Caffe Tazza, sign of this famous little coffee shop in Taos, NM, March 21, 2010, photo © 2010 by ybonesy. All rights reserved.
You know the place. A quiet buzz about it, like the buzz you get when you drink what it sells. Café latte. Cappuccino. Chai. Espresso.
You go there because that’s where you like to go best when you have a free moment to write. The sound of people talking, milk being steamed, the coffee grinder — it’s white noise. Not so loud as to distract yet not so quiet as to hear your voice inside your head.
Unless you live in a truly rural area, your city or town probably has such a spot where people gather, maybe talk politics or business deals or religion. Maybe it’s more diner than coffee shop, but no matter, it’s a place you can depend on for a good cuppa Joe and a little peace of mind.
Some coffee shops are as old and famous as monuments. Heck, they are monuments.
According to the Kona Joe website, coffee houses are part of the foundation of modern financial and shipping centers, not to mention cultural ones.
The New York Stock Exchange started as a coffee house, as did Lloyd’s of London—previously Lloyd’s Coffeehouse. The Baltic Coffeehouse became the London Shipping Exchange, and the Jerusalem Cafe became the East India Company.
Up until recently the runners at the British Stock Exchange were still called waiters due to fact it too started as a coffee house.
Other cafes evolved into centers for both the arts and sciences. Sir Isaac Newton hung out at the Grecian Coffeehouse. Jonathon Swift and Alexander Pope hung out at Old Slaughter’s Cafe.
The French and American Revolution were fomented in the coffee house. On July 12, 1789, Camille Desmoulins leaped on a table at the cafes of the Palais Royal and urged the mob to take up arms against the French aristocracy.
Due to the fact that much discussion of political intrigue and gossip occurred over a cup of Joe at these famous coffee houses it was only a matter of time before someone started writing these things down.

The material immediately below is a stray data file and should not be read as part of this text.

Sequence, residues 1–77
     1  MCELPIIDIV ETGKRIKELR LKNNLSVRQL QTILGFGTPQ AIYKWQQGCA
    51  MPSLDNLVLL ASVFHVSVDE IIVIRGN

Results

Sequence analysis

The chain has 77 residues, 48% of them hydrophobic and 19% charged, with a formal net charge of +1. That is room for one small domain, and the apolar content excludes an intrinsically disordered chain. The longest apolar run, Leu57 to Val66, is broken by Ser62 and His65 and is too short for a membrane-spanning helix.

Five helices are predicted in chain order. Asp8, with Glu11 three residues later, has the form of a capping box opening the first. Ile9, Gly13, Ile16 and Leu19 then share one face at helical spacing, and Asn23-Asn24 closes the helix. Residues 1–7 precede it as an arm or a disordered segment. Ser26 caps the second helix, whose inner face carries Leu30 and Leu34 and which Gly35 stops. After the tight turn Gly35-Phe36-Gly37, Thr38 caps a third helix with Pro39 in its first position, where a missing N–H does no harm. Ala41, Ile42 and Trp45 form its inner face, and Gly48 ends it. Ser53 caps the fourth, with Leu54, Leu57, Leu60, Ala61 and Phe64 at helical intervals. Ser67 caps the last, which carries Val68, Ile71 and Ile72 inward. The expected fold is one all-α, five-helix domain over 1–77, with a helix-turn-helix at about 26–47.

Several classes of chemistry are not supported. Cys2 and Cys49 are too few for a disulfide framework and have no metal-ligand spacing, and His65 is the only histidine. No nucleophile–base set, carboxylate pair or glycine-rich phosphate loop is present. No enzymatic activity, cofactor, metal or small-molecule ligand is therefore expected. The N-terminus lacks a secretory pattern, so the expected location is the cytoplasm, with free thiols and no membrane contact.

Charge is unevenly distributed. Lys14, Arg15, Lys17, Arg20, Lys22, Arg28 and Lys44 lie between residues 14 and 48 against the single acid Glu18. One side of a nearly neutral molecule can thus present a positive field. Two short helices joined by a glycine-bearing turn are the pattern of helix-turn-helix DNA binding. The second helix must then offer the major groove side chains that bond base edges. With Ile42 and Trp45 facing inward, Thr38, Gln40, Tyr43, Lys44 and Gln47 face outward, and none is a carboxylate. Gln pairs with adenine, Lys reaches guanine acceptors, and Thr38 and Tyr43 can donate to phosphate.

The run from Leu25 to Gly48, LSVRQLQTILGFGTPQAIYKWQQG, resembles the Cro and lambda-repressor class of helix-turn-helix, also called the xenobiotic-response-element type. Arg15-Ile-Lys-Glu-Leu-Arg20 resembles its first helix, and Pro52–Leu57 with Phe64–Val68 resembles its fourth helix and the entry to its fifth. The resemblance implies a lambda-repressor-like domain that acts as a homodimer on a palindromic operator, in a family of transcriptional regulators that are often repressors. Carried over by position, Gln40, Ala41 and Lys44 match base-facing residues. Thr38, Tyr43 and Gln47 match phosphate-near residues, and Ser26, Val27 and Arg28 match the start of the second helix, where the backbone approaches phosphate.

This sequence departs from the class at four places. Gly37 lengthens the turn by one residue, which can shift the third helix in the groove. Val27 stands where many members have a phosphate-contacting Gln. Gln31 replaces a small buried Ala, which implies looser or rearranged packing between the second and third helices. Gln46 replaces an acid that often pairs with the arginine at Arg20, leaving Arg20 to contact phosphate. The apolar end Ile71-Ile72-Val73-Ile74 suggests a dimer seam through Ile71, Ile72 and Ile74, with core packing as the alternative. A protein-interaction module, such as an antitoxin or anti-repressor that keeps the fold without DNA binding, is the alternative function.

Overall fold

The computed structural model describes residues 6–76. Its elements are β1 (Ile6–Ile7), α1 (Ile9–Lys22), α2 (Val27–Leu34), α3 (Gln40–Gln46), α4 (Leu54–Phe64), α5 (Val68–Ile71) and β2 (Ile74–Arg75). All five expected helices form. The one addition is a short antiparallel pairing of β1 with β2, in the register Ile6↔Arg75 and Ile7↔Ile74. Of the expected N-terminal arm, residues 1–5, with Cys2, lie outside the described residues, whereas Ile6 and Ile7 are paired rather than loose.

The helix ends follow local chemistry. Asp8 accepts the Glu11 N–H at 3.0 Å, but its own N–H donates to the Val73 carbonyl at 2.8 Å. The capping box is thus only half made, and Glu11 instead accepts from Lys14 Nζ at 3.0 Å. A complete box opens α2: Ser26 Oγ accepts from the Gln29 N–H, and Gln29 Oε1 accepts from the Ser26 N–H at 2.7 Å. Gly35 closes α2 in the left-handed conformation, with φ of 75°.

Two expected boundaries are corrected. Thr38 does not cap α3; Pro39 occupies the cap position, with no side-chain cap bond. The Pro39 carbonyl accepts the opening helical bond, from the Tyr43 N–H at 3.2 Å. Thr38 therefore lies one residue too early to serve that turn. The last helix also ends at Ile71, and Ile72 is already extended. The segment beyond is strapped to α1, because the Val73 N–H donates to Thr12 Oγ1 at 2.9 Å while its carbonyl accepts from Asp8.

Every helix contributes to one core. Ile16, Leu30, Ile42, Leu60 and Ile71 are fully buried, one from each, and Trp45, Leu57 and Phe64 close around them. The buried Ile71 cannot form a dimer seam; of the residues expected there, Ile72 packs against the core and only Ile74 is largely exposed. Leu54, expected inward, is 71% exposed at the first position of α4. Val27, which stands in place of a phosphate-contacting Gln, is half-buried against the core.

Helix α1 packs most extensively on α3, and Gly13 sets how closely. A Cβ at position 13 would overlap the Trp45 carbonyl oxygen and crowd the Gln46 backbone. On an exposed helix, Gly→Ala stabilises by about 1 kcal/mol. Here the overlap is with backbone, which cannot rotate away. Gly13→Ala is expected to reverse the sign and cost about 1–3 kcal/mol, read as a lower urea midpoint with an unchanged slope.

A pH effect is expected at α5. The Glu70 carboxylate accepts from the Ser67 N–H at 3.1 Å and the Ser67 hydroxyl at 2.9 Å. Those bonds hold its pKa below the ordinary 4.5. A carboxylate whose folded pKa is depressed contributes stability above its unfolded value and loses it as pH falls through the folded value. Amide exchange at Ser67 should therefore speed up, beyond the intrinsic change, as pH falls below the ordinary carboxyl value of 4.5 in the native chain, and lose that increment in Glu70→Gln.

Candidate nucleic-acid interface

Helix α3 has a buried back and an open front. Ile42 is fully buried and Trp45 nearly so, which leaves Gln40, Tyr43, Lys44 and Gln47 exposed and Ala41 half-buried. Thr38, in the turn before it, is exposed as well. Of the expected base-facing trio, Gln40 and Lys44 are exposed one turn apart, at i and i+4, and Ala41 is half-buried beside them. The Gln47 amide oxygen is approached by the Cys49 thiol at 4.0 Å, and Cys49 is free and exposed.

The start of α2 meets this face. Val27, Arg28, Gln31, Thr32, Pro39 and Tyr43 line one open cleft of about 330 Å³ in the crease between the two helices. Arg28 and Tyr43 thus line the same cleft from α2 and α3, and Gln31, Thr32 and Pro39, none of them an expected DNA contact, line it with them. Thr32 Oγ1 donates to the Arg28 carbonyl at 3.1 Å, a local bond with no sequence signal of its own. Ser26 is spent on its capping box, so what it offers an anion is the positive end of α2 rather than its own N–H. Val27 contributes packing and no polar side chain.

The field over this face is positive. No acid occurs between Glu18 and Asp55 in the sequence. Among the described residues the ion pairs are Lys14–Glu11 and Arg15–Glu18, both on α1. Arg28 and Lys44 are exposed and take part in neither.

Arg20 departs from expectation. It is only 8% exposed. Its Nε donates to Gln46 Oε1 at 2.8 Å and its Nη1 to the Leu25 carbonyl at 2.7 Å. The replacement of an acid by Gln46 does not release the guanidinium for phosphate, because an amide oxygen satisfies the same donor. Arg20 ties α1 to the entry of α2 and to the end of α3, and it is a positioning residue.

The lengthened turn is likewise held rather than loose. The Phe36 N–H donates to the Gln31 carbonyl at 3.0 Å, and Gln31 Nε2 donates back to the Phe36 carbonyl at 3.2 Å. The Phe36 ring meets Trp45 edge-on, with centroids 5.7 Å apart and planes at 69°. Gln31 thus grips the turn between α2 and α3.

A man named Richard Steele decided to publish a weekly magazine on the most interesting gossip collected from the coffee houses. Correspondents were sent out to these coffee houses and wrote what they heard as narratives. This collection went on the become “Tatler,” the first modern magazine. London’s second oldest newspaper, “Lloyd’s News,” started as a bulletin board in Lloyd’s Coffeehouse.
There are famous coffee shops all around the world and a heckuva lot of not-so-famous ones, too.
Coffee shops come and go. Coffee shop owners are, I imagine, a lot like bookstore owners. They go into the business because they love the product, and not just the coffee or the book but the whole experience. But independent coffee shops can be as rare as independent bookstores. When you find one, hold on tight. Tell your friends about it, and make sure to frequent it often.
I don’t know about you, but when I get to a new city somewhere, the first place I seek out is a coffee shop. It makes me feel settled. It gives me a place to go, to sit alone quietly and know that even though I’m hundreds, sometimes thousands of miles away from everything familiar to me, I am home.
Do you have a favorite coffee shop, at home or in the cities you visit most? What is your special place like? Think about it. Why do you love it so? Is it a soothing place to be? Is it dingy yet homey? Do you love it for the dependable java or the people who work there and/or go there?
How often do you go and how long do you stay? Where do you sit and what do you do while you’re there? Do you order yours skinny, decaf, double, with foam?
Write about your favorite coffee shop. Hey, go to your favorite coffee shop and then write about it.
My favorite coffee shop. Fifteen minutes. Go.
The oasis that is Oasis, ybonesy’s favorite coffee shop, March
2010, photo © 2010 by ybonesy. All rights reserved.